Monday, October 2, 2023

TV users do not like a lot of interactivity

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Q. What’s your take on Apple TV and Google TV?
A. Apple TV has not affected us because it is a closed product. To get content, you have to sign into the iTunes Store. In our case, you have the choice to get the content from us or from any other content provider. You could even open a content store yourself.

In some ways, Apple TV did a lot of good and bad to the industry. For non-techie consumers, it sold the concept that they just take a device, attach it to the Internet and it will work. That was the good part. The bad part was that it didn’t seem like a mainstream product for Apple. Steve Jobs even called it a hobby. So people didn’t attach a sense of failure to that product. But its net result was positive as it created a lot of consumer awareness about it.

Google TV is very similar. A lot of people from the outside look at Google TV as a failure. But, technically, they did a very good job. In the TV industry, what we have learnt is that it is all about user experience. Microsoft has been trying this since 1998 after it bought a company called webTV. If you have decided in your mind to look at the TV as a browsing device, it’s not going to work in this generation. TV users do not like a lot of interactivity. The use of a keyboard with TV is very alien to most people. TV watching is by far still a passive experience.

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When Google TV came out, they focused on the integrated search experience—you could search for content from the Internet or the cable operators. It was technically impressive but there was a huge change in the user experience. I personally don’t believe that any change of that magnitude will happen very quickly.

Q. What is VuNow?
A. We are not just a box company. Even though there is a significant amount of IP in the box, it also talks to a head-end on the Internet. So this whole cloud service that manages the content completely comes from us. The whole system is called the VuNow Internet TV platform. That is what our customers take from us. They go to end users with different brand names for the box.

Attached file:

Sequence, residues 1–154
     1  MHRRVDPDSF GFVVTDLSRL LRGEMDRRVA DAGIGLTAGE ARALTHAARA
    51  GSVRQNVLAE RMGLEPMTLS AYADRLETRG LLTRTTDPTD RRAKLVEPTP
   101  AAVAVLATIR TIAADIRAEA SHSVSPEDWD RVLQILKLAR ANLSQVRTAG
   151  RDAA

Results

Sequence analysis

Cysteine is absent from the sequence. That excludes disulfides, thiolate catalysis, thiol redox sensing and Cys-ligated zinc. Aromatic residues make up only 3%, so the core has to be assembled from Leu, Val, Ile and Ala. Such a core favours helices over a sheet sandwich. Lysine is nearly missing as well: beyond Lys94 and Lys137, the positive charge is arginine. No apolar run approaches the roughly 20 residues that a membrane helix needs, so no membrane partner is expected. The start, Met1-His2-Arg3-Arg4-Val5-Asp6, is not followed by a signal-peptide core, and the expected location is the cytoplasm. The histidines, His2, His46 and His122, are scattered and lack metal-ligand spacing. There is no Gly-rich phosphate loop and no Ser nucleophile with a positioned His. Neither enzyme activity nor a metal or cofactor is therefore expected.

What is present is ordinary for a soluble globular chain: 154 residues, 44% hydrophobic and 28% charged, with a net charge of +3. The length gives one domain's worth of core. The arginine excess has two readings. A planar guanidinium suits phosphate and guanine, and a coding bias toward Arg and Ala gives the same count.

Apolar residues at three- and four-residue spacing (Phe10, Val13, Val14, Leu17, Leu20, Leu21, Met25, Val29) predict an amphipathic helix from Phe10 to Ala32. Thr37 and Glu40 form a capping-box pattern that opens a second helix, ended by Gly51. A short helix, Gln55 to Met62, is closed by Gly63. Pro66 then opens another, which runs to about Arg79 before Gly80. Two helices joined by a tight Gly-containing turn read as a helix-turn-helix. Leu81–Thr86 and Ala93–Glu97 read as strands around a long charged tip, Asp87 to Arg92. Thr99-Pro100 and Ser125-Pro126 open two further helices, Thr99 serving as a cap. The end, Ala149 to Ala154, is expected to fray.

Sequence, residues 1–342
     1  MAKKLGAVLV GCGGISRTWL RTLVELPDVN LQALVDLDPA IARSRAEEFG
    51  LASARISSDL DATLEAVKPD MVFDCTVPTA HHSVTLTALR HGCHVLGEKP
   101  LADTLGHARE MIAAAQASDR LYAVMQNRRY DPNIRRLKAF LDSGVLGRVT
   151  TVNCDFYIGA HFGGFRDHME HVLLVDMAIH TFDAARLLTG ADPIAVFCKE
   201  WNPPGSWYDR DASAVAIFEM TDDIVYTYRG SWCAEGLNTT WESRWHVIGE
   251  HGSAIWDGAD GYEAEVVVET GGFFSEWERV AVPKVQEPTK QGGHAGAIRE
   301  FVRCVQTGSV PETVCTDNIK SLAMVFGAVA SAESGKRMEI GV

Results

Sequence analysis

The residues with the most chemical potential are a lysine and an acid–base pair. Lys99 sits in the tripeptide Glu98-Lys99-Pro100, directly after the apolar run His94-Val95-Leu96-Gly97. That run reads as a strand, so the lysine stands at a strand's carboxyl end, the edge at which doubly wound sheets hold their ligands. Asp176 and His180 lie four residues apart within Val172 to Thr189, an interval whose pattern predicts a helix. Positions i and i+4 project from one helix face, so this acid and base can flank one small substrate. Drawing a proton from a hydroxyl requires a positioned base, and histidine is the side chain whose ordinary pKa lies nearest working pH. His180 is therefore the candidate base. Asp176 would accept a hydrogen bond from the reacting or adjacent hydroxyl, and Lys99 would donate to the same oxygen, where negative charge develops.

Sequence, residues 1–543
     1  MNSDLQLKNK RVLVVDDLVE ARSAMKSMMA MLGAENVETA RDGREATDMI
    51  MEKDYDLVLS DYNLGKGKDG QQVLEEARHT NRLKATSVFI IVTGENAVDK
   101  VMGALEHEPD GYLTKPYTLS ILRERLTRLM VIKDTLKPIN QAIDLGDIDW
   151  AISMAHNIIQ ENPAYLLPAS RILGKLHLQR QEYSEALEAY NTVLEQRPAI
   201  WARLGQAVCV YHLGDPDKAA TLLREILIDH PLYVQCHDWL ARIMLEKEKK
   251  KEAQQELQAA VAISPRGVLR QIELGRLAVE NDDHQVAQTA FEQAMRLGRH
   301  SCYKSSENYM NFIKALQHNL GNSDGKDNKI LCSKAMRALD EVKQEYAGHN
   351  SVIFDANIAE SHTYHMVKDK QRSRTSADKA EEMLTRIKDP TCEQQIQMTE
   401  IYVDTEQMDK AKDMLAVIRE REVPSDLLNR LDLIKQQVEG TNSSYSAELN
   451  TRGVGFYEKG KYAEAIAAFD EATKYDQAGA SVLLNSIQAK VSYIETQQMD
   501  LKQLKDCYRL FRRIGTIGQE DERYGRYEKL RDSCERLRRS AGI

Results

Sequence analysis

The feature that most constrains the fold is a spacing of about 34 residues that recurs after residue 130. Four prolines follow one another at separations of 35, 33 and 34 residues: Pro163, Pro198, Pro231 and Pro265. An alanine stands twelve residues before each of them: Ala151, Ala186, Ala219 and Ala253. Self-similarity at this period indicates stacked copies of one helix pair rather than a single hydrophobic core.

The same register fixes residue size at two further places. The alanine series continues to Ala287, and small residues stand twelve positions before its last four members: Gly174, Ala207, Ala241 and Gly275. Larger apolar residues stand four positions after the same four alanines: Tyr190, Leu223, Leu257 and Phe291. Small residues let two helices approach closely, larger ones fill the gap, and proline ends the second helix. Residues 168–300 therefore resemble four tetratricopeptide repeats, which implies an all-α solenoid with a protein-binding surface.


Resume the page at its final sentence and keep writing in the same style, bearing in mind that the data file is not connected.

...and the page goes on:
Q. What challenges did you face in bringing this product to the market?
A. I will talk about the external factors first. It’s a very embryonic market, not a mature market. Entering an embryonic market means you have to face a lot of challenges. For one, we don’t go to the consumer directly, so we don’t get the consumer feedback directly. So the whole loop of getting the product to the customer and then to the consumer, obtaining the feedback, and then iterating through that and building the right stuff into the product itself is a challenge.

The market is in a developing stage, and people really don’t know in which direction it might go. After we rolled out the first version of the product, Apple TV was announced. Apple did a lot of marketing for the entire eco-system, but they had a different vision. They are good at building this into the minds of the consumer right. People might tend to follow them, but later they realise that this is not right and then they come back to us.

The second challenge is internal. Engineers are used to working in a certain way. When you build a whole product all the way from very serious things like deep design and architecture, it requires thinking over the long term. Also the productisation does not come naturally to a lot of engineers.

Q. Is India ready for this type of product?
A. India is one of the few countries where we have lesser penetration. The reason is very simple: This is a product that delivers video over the Internet. So if I want to deliver high-quality video over the Internet, I am talking about having at least a 2Mbps connection. That’s why it’s US and Western Europe where all the action is happening right now. India is developing, so we’ll be looking here at a larger scale soon.


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